Good Death

Mercy, Deliverance, and the Nature of SufferingPatricia Anderson

Wisdom Collection

To access the content within the Wisdom Collection,
join Tricycle as a Supporting or Sustaining Member

"Your mind state at the
time you draw your last breath
is crucial, for upon this hinges the
subsequent direction and
embodiment of the life force.
Only with a disciplined and
spiritually prepared mind can
you hope to resist the pull
of old patterns of craving and
clinging as your final energies
are slipping away. The
impulses of thought, feeling, and
perception all gather together
in this last breath with
great potency ... "

—Philip Kapleau Roshi

So exactly which last breath is the roshi talking about here? The last breath taken before lapsing into coma or vegetative state? The last breath taken before being placed on a respirator? Or the last breath taken when a court orders the respirator removed, one year later?

Dying in the midst of modern technology is a complicated matter. Western medicine's tendency toward aggressive treatment has joined with our cultural antipathy toward death to create an extraordinary situation: afraid of being caught alone and suffering in an impersonal technological nightmare, people are fighting for the "right" to die. 

Euthanasia is an ancient issue. There have always been instances in which people killed either themselves or another as a humane act to end suffering. In this country, in the early part of the century, the act commonly evoked euphemisms such as putting a sick animal "to sleep." After World War II it became associated with concentration camps, murder, and Nazism, acquiring a stigma that persisted for years. In fact, euthanasia means "good death." Of course, what is "good" and what is not depends on your point of view. 

The current debate covers a spectrum of possibilities from "allowing death to occur to causing death to occur." The phrase "passive euthanasia" is sometimes used to describe the removal or refusal of life-sustaining treatment, allowing "nature to take its course"-even though the means to intervene are at hand. (Many argue that this is not euthanasia at all, as it is not killing, but rather, not interfering.) "Active euthanasia" describes causing death directly by some active means, such as the administration of a lethal injection. 

For the Buddhist, euthanasia raises new and demanding questions in the light of traditional teachings. Theoretically, you can wind up in a situation where the precept against taking life and the commitment to compassionate action appear to be at odds. Contemporary practitioners are dealing with dilemmas that simply didn't exist until very recently.

In the West at the beginning of this century most of us died before the age of fifty, from infectious disease and injuries we didn't know how to treat, in our own home, with familiar care-givers in attendance and our loved ones at our side. After we died the family bathed us, watched over us, and buried us, with the help of friends and the community.

Today we live longer and die longer. Lingering degenerative conditions are "managed" by high-tech medicine, in big institutions with schedules to maintain. If our family can arrange to get to our side, they're either bewildered or extremely nervous. After we die, a business concern "takes care of it."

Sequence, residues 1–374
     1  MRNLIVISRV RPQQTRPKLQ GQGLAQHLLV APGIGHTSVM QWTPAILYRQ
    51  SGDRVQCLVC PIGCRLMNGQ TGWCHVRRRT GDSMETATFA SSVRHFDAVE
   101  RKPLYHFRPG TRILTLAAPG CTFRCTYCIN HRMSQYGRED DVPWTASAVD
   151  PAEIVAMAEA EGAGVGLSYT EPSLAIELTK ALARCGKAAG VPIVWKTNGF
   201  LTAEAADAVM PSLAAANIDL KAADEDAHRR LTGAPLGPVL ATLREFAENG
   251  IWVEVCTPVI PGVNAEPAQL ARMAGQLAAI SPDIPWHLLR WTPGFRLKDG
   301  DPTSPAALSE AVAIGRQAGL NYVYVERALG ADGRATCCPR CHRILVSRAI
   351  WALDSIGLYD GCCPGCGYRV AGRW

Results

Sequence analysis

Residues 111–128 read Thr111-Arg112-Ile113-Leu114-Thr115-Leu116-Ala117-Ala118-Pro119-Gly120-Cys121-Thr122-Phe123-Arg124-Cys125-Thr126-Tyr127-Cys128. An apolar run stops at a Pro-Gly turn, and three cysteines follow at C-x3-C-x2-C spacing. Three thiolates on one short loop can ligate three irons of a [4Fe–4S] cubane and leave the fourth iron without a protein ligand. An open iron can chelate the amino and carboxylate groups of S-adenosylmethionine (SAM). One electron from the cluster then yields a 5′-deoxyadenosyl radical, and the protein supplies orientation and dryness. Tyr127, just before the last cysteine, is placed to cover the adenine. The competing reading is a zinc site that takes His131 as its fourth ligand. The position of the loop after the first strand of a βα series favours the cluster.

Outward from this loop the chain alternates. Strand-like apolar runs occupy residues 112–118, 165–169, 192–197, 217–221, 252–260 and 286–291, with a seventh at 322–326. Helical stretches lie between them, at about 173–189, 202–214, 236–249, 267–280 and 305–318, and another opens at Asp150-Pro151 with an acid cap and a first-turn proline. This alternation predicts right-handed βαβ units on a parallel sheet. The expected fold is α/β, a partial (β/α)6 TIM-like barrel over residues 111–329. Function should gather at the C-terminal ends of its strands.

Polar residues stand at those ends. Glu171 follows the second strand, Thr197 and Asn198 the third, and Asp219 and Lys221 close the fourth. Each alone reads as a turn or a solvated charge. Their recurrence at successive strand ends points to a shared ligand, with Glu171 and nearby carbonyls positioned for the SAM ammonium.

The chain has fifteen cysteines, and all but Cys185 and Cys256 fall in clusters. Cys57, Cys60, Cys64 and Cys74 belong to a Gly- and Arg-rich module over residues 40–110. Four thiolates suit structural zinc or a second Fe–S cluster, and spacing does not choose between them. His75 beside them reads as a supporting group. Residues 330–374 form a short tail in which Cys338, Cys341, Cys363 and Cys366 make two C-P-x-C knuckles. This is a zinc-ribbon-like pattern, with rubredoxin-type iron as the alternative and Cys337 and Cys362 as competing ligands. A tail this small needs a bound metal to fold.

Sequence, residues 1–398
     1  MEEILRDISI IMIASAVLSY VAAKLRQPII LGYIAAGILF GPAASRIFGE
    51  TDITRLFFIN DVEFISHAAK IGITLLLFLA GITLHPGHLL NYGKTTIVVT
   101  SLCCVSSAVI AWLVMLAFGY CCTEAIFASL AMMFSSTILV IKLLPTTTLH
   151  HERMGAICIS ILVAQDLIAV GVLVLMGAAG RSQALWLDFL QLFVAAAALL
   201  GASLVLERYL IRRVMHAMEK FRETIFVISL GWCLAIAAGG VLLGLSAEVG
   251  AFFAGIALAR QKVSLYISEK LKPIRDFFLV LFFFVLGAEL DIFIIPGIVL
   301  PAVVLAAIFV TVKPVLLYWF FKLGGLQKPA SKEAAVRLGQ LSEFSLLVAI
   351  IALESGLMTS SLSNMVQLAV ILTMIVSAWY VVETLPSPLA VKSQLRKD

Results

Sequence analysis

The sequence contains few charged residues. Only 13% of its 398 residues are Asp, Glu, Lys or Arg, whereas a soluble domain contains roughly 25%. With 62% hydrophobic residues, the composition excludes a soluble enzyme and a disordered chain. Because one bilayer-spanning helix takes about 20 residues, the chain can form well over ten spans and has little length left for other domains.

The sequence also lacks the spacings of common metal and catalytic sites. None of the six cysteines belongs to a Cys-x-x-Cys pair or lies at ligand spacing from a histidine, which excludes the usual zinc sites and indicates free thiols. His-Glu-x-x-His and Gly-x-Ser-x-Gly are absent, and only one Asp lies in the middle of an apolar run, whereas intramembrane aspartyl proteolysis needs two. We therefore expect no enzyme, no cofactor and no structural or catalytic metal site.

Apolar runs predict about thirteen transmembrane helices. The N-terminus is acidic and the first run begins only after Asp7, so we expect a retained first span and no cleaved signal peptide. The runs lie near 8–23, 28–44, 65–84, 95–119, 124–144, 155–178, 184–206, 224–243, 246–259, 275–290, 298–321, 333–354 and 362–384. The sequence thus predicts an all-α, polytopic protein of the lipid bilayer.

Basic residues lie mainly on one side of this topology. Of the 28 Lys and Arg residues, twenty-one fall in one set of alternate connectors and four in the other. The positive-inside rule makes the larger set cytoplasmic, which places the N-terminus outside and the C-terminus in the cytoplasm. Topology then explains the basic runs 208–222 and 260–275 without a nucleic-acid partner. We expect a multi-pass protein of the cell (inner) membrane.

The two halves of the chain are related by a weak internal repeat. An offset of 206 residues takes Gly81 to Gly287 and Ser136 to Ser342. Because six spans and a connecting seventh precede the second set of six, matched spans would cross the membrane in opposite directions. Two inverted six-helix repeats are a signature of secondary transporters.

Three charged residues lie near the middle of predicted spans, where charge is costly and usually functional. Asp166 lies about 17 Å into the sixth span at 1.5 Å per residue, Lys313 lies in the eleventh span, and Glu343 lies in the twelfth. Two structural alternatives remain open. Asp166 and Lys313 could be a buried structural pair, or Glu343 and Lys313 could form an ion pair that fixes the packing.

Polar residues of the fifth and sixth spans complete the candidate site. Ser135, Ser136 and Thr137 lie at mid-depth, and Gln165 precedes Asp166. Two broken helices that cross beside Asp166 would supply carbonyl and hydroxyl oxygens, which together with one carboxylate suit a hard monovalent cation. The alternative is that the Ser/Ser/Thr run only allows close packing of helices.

These changes have come together to make death, as often as not, a decision rather than an event. In one form or another the question of "pulling the plug" has become commonplace. Seventy percent of us will find ourselves involved in a "negotiated" death; required to make a decision whether to undertake, or not to undertake, some medical procedure that will prolong the process of dying.

Of course, anyone would choose to maintain life while recovery or healing takes place. The problem arises when death is postponed without any chance of healing or rehabilitation, or when treatment becomes a painful invasion making the last days before death a nightmare of suffering and confusion.

This concern has engendered living wills and medical proxy legislation, best-selling books on "self-deliverance" and physician-assisted suicide, and proposals to legalize euthanasia or mercy-killing. For many, to champion the right of the individual to "choose" death is to protest the manner in which we die today. From a Buddhist point of view, all this confusion and its attendant suffering is the result of a misunderstanding about the nature of death and dying.


"... from the tantric perspective the point of actual death is tied not to inhalation and exhalation but to the appearance of the mind of clear light ... " —Jeffrey Hopkins

The differences between Buddhist and secular approaches to euthanasia are grounded in dissimilar views about the very biology of the dying process. Basically, Buddhism and Western medicine see death very differently. In Highest Yoga Tantra, one of the most advanced Vajrayana teachings, there are particularly detailed descriptions of the dying process, wherein the experience is shown to be a complex interaction of physical, metaphysical, and spiritual events. Based on a medical model that presupposes an intertwining relationship between consciousness and physiology, this teaching delineates the changes that take place as we die.